Some industries trade for much lower price-to-earnings ratios by virtue of slower growth or outlook. Some industries may be cash flow machines, paying out high dividends, but trade for high valuations.
Sectors like consumer staples benefit from stable cash flows and companies can handle a lot of debt. The same cannot be said for many industries in the technology sector where cash flow is more sporadic. Just looking at a debt ratio like debt-to-equity is going to make all the consumer staples stocks look like they have way too much debt compared to stocks in the tech sector but it’s not really the case.
Using a stock screen that looks only for companies with a price-to-earnings of below a certain number or another metric is going to skew your stock picks into specific industries. That’s going to leave you exposed to only the risks in that industry and robs you of the benefits in diversification.
The seven stock requirements are also going to skew a portfolio to very mature and large companies. There’s some safety in only investing in companies that have been around for decades but even the most defensive investor needs exposure to smaller companies.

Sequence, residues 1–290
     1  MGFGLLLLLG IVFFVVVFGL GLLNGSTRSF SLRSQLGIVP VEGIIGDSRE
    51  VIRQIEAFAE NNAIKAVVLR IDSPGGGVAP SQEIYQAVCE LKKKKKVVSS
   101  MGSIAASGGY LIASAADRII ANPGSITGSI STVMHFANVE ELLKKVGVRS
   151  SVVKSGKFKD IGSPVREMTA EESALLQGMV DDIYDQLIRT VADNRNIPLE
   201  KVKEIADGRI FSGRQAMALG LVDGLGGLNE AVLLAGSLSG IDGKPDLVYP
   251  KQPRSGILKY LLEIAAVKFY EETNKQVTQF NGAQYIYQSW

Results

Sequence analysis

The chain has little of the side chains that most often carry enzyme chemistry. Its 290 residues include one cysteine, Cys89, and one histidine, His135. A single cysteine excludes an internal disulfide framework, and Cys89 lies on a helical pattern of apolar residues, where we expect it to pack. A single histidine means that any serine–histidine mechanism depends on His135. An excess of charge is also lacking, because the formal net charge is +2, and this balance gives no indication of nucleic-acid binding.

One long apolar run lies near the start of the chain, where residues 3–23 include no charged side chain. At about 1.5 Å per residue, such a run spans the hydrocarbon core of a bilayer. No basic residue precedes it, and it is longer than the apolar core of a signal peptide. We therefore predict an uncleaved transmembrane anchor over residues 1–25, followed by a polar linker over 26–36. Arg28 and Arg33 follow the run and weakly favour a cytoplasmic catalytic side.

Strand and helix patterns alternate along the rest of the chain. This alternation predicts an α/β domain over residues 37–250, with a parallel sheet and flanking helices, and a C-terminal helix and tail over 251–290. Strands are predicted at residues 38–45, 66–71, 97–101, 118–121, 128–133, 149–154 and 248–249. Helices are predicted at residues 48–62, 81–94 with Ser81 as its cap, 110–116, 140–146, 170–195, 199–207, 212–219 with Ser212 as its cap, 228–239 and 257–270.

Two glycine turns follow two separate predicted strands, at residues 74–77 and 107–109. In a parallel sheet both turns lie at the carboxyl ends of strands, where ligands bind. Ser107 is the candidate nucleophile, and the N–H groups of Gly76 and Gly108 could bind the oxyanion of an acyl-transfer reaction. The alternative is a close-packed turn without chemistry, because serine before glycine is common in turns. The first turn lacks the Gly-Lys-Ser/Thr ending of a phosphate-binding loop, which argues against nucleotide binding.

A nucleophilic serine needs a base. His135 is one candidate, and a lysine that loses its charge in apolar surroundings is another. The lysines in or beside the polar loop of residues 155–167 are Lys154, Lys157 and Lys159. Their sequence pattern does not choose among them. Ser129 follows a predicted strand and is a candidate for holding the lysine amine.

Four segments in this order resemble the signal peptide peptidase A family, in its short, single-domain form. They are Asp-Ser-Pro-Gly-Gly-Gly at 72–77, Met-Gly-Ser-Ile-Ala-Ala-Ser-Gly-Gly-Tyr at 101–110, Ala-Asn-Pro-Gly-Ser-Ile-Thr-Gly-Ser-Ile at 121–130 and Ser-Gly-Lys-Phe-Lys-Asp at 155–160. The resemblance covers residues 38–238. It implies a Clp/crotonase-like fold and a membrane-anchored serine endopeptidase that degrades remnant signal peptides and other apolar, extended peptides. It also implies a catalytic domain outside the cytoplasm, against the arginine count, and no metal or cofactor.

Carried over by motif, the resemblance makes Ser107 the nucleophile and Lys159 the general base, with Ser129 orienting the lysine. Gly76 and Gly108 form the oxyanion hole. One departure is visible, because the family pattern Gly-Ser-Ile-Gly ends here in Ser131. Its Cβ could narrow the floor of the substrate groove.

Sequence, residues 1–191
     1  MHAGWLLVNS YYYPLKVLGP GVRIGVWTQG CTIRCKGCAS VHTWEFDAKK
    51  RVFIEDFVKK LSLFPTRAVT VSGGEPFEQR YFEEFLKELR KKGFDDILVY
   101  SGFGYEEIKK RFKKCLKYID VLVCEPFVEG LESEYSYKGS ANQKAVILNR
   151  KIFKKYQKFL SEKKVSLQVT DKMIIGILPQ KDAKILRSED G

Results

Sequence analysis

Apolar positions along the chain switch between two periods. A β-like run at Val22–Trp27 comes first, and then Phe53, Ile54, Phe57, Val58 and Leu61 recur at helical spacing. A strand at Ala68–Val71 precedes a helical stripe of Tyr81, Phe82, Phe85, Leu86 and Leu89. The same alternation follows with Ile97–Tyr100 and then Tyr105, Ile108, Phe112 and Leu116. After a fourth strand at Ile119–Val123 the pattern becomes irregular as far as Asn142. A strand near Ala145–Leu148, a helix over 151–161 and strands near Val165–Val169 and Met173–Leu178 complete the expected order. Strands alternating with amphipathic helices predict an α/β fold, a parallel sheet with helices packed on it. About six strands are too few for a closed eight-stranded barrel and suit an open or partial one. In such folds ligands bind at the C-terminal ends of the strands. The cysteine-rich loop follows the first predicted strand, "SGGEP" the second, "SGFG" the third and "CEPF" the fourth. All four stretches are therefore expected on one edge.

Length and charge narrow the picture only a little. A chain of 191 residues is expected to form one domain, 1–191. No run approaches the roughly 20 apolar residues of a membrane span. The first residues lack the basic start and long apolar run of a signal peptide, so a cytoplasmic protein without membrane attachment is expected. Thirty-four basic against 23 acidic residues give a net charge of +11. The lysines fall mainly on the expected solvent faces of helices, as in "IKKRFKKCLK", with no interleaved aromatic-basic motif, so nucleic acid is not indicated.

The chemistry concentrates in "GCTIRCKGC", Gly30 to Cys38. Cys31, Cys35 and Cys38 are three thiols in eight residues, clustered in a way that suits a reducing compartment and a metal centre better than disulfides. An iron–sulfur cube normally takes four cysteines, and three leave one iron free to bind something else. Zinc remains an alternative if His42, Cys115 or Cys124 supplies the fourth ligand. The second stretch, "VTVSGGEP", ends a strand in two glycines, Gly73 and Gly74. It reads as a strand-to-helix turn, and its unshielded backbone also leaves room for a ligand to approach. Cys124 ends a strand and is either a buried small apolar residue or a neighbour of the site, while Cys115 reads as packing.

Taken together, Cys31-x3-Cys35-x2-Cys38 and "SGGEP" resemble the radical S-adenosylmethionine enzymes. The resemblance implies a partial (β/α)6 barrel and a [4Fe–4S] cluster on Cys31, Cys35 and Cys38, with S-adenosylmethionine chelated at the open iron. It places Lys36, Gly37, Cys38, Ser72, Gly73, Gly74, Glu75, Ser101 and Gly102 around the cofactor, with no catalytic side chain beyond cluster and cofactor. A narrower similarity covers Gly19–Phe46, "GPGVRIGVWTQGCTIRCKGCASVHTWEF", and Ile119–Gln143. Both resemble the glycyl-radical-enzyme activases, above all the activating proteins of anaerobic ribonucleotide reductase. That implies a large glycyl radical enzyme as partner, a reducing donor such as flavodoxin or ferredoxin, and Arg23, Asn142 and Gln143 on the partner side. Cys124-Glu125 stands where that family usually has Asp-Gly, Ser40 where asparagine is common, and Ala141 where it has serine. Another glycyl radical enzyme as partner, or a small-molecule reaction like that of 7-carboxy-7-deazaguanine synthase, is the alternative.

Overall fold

Not investing in any company that doesn’t have 20 years of dividend history would rule out great investments like Facebook, Google and just about anything in computers.
I highlighted the problem investing in expensive stocks in our chapter one review but a blanket rule for 15-times earnings across all stocks will have you investing in just a few industries. Of the 20,000+ stocks in the Morningstar database, just over 2,000 are trading at a price of 15 times earnings or lower.
It’s OK to invest in value but most of these stocks are in specific sectors like financials, telecom and utilities. You miss almost everything in healthcare and technology.
A final problem with comparing stocks on a simple screen like this is that you’ll constantly be adding new stocks and selling others that no longer meet the criteria. That’s going to add up to a lot of fees at $10 for a buy or sell order on most online investing platforms.